Our Best LGBT Stories From Recent Years

Debra Schmidt takes a lap around the Sugar Land Ice & Sports Center rink, where she plays on a women’s rec league that’s starting back up this March.
Debra Schmidt takes a lap around the Sugar Land Ice & Sports Center rink, where she plays on a women’s rec league that’s starting back up this March.
Max Burkhalter

This week we brought readers Meagan Flynn's cover story on Debra Schmidt, a longtime Harris County Sheriff's Office deputy who has fought for LGBT rights — even when her superiors disagreed with her vision. Schmidt considered retiring after Sheriff Ron Hickman demoted her, but after voters sent Hickman packing, the new sheriff, Ed Gonzalez, unexpectedly promoted Schmidt to his command staff.

Schmidt's story got us thinking of other important LGBT stories we've done in the past few years. Here are some of the best.

The Struggles of Being Young, Homeless and LGBT
When Crimson Jordan's mother told him that, if he wanted to make a gender transition, he would have to get out her house, Jordan chose to leave for good.

Houston Gets Poor Marks on LGBT Equality Report Card
A national human rights group gave Houston a score of 48 out of 100 for LGBT equality, according to a recently released report.

Our Best LGBT Stories From Recent Years
screenshot/lamdalegal.org

Judge Says Prison Sentence Shouldn't Equal Constant Rape, Assault for LGBT Inmates
This week U.S. District Judge Alfred H. Bennett refused to dismiss a lawsuit against Texas Department of Criminal Justice Executive Director Brad Livingston filed by a transgender inmate who faced 12 years of near constant rape and assault in the Texas prison system. As Bennett wrote in his ruling, that's because Livingston hasn't yet demonstrated what exactly he's done to protect her and other vulnerable LGBT inmates from abuse.

Our Best LGBT Stories From Recent Years
Max Burkhalter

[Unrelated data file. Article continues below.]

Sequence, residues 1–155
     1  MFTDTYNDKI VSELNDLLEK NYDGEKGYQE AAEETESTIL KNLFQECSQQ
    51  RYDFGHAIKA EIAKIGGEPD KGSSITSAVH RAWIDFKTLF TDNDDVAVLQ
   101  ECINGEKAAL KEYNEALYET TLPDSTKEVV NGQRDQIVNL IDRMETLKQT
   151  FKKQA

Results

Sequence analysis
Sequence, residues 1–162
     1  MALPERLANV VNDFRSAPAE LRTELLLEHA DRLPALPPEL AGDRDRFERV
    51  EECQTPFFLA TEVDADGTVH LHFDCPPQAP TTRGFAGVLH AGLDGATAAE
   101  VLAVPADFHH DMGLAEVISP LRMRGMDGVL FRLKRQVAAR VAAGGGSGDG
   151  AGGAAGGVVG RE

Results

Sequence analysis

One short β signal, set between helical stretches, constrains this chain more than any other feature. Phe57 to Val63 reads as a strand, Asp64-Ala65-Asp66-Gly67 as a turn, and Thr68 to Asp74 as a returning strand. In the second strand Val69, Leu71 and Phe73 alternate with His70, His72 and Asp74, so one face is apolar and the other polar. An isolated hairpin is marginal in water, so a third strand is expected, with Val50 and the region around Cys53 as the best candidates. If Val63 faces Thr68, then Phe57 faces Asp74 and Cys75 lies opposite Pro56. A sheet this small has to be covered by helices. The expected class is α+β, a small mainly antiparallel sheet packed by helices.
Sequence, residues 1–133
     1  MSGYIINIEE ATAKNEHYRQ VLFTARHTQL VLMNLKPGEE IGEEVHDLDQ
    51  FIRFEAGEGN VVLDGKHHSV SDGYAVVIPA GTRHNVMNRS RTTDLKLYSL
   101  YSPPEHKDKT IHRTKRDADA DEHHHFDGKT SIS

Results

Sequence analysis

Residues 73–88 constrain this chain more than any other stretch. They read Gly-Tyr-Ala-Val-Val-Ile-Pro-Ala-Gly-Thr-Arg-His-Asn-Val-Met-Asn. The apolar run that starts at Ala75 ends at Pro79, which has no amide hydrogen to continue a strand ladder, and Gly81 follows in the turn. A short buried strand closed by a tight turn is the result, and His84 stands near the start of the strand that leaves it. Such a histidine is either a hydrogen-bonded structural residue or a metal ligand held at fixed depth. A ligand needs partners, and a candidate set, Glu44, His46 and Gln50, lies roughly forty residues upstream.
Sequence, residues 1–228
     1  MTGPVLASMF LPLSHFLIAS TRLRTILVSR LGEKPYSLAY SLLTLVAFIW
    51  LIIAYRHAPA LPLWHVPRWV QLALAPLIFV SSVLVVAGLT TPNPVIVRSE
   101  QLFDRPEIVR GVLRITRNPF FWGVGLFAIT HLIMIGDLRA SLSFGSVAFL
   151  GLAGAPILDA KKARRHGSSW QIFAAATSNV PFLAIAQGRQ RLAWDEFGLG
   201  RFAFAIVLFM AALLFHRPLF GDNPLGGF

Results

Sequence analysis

When Seeking Basic Medical Care, Transgender People Face Discrimination in Houston
Shortly before she was set to start college, Rose tried to kill herself. When she decided to check herself into Houston Methodist Hospital on Fannin for psychiatric treatment, she says, the doctor in charge of her care didn’t want to let her leave. Not because she was a danger to herself or others, but because he wanted to hold her indefinitely until she gave up her belief she was a woman. According to her, only the fact that she was a voluntary committal and no longer a minor set her free back into the world.

Our Best LGBT Stories From Recent Years
Aaron Reiss

I’m More Worried About Anti-HERO Activists in Bathrooms Than Trans People
This is the scenario people opposed to the Houston Equal Rights Ordinance want me to believe is going to happen: My little girl, all pink eyeglasses, blond curls and a sass level over 9,000, will need to use a public restroom at the park or a restaurant. Once in there, she will be at the mercy of a transwoman, maybe even one with a penis, who will use the rights protected by HERO to…what? Pee within a certain amount of feet from her? Expose herself? Molest her? What diabolical she-penis monstrosity has the city unleashed on our powerless womenfolk?

Our Best LGBT Stories From Recent Years
Meagan Flynn

Down in the Polls, DA Devon Anderson Oddly Notes Her Opponent Is Gay
Republican incumbent Harris County District Attorney Devon Anderson is facing criticism in both conservative and liberal circles after making comments invoking Democratic opponent Kim Ogg's sexual orientation and personal beliefs.


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